Manuel Diego Soza unknowingly set off a chain of events leading to his wrongful arrest when he discarded his old Texas license plate in the trash at an AutoZone store, so he could install new Colorado plates, reports The Denver Post. Little did Soza know that this seemingly innocent act would later be used against him by Westminster police, who believed Soza was a thief that had stolen a speaker from a Walmart store because the real thief had pulled the plates out of the trash and put them on his own car.
Despite several glaring differences between Soza and the actual suspect, such as a neck tattoo and discrepancies in physical appearance and vehicle model, prosecutors, eager to carve a notch in their belts, pursued the case against him.
Soza was arrested, spent six hours in jail, and had to hire an attorney to defend himself against the false charges. The case was eventually dropped, but Soza had to pay $6,000 in legal fees and worries about the impact on his career. As an attorney, he must disclose the arrest when he applies for law licenses in other states, even though the arrest was based on false evidence.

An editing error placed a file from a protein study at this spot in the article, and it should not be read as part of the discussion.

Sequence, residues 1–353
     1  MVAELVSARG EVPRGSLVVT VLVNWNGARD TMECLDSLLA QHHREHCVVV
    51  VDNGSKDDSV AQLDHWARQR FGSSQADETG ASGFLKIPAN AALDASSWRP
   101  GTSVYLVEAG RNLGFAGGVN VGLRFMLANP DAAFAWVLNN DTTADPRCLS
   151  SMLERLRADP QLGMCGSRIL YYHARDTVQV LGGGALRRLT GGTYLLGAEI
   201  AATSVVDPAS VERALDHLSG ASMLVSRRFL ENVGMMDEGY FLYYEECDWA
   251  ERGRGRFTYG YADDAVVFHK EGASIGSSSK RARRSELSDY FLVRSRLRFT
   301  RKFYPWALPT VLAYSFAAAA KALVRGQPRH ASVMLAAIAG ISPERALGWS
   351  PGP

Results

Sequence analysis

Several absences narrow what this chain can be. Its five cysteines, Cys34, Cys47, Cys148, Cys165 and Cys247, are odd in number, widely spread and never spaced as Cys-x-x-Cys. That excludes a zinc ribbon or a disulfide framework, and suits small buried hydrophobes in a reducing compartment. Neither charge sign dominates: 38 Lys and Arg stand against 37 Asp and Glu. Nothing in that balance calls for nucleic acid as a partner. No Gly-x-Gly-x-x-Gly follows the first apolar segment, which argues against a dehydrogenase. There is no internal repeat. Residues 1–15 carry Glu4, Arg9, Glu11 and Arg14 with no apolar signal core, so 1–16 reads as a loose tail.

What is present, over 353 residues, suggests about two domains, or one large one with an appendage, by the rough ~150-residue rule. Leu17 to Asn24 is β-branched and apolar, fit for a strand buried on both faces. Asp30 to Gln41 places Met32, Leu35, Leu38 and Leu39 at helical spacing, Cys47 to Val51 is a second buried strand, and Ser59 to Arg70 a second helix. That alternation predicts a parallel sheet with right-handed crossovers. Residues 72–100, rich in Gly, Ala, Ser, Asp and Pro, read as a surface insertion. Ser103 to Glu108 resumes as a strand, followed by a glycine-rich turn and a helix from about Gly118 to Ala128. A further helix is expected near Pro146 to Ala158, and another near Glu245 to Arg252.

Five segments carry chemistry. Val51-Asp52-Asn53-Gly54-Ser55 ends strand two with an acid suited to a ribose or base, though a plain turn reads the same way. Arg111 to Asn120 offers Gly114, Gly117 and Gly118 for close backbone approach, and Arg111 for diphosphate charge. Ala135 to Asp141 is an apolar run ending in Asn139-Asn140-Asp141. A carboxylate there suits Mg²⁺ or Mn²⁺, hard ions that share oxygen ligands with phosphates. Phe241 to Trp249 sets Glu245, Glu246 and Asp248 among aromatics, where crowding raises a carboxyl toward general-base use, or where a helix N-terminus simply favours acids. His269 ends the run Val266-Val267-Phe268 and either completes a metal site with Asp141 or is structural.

He contemplates filing a lawsuit to seek compensation and expose flaws in the system that disproportionately target minority and economically disadvantaged individuals.
As reported by The Denver Post:
"I was lucky enough, fortunate enough to be in a position to hire an attorney, challenge the charge," Soza said. "But how many other Hispanic males are also being brought up in that court, not being able to (fight) it, losing jobs over it, losing opportunities? It just makes me really upset."
Westminster police Sgt. Ray Esslinger said Thursday that the department was reviewing the case and he could not comment further.
Andy Le, communications manager for the city of Westminster, deferred comment to police when asked about the city's prosecution of Soza.